A Garden Wall in Provence
A love story about good bread, good neighbors, and the fickle winds of the mistral. Recipes included.
A chaotic week of mishaps and misunderstandings in Avignon, France. In this light-hearted story of family and love, Madame Reynaud reigns at the helm of her neighborhood. Her daughter Monique, who years ago was maimed by the violent mistral wind, is determined to break free from her mother’s tender, yet stifling care. But Madame Reynaud is quite oblivious to her daughter’s plan—she is preoccupied with planning Monique’s birthday celebration. When Madame Reynaud is tricked into inviting every one of her elderly friends to come to the house on Sunday for the surprise party, she learns that Monique has a surprise of her own. All Madame Reynaud’s problems come crashing down at the annual Fete of the Three Kings, when she finds herself in a compromising situation with the baker, Monsieur Boffard. In the end, the Gypsy Queen from the laundry sets the situation straight, for she sees the future and tells Madame Reynaud what she must do—the solution she really knew all along.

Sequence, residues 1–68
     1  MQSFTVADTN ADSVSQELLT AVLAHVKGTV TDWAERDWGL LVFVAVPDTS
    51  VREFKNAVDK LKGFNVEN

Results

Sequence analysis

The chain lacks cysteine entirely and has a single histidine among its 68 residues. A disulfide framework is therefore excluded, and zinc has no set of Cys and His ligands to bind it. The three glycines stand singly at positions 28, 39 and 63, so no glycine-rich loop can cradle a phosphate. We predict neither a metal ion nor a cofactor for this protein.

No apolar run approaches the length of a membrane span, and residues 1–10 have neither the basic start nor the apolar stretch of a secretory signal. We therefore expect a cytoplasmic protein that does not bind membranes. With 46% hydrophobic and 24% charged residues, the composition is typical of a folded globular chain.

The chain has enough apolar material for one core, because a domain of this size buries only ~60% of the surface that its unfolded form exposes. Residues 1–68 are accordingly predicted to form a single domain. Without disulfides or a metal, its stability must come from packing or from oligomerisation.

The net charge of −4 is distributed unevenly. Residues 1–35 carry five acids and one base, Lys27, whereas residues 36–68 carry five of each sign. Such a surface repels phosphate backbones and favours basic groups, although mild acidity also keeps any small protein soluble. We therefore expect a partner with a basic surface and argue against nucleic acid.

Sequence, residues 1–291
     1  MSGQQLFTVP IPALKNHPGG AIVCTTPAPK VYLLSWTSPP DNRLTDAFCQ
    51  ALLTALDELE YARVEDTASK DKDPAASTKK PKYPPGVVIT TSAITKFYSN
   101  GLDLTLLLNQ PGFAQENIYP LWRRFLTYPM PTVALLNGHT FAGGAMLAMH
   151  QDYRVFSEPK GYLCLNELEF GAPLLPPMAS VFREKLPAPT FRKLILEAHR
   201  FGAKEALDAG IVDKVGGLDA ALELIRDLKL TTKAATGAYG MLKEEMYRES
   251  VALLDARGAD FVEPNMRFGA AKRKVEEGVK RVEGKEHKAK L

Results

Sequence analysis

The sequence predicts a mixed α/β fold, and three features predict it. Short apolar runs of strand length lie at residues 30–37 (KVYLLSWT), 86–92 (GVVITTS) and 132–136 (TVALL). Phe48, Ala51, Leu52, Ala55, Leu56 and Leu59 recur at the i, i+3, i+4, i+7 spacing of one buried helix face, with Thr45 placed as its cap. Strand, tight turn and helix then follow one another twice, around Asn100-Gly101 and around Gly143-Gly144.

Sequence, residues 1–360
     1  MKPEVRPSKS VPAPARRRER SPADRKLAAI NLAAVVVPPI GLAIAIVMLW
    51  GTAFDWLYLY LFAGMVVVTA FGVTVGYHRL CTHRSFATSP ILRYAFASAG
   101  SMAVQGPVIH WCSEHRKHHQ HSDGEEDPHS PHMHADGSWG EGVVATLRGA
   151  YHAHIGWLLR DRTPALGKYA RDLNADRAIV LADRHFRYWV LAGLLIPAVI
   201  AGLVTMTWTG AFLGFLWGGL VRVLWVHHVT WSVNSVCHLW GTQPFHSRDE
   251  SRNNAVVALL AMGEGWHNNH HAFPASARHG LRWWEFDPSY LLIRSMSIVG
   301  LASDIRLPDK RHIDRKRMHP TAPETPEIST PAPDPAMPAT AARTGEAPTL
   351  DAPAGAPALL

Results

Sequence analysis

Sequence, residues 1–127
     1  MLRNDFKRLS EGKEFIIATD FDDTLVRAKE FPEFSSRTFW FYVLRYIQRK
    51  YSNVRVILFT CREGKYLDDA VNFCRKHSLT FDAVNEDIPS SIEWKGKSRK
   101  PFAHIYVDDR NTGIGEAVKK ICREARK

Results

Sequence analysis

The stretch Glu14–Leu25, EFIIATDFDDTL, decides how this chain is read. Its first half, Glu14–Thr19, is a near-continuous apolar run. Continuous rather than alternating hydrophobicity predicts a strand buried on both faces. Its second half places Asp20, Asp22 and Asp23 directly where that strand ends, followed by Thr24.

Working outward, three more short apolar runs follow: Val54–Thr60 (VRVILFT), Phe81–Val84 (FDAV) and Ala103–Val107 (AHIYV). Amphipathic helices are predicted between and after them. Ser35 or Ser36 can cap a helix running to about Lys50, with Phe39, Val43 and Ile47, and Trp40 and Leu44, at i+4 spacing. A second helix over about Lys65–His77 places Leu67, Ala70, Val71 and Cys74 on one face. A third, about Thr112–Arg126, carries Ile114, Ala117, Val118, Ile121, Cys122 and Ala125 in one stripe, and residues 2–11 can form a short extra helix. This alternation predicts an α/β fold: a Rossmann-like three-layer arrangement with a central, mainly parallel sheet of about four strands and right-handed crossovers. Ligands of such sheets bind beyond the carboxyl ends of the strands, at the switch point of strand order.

Praise for A Garden Wall in Provence
Like Provence itself, Carrie Jane Knowles’s A GARDEN WALL IN PROVENCE has a fairy tale quality. This lovely novella takes us to a quiet corner of Avignon where we can enjoy the charming particulars of the Provencal culture, unchanged for centuries. Amid baguettes, unruly dogs, santons, and the fresh wind of the Mistral, we meet Madame Reynaud and her daughter Monique as they prepare for a season of celebration that will bring change to their comfortable existence. Knowles has created a light-hearted and engaging tale, which has, much like that Provencal confection, Gateau Des Rois, many tiny treasures baked into the batter.
-Lynn York Author, The Sweet Life
If all fiction were this good, I'd read more of it!
This gentle tale of change is also a love letter to a beloved place. With recipes, too. Although instead of making my own bread, I'd rather move to Madame Reynaud's delightful neighborhood, greet gossipy neighbors and fractious dogs, and walk to either of the competing boulangeries for a fresh baguette.
-Debbie Moose Award-winning food essayist and author of six cookbooks
Carrie Jane Knowles’s A Garden Wall in Provence is an utterly charming novella about mothers and daughters, about being neighborly, and about the power and importance of fresh bread.
-Hilary Daninhirsch, Foreward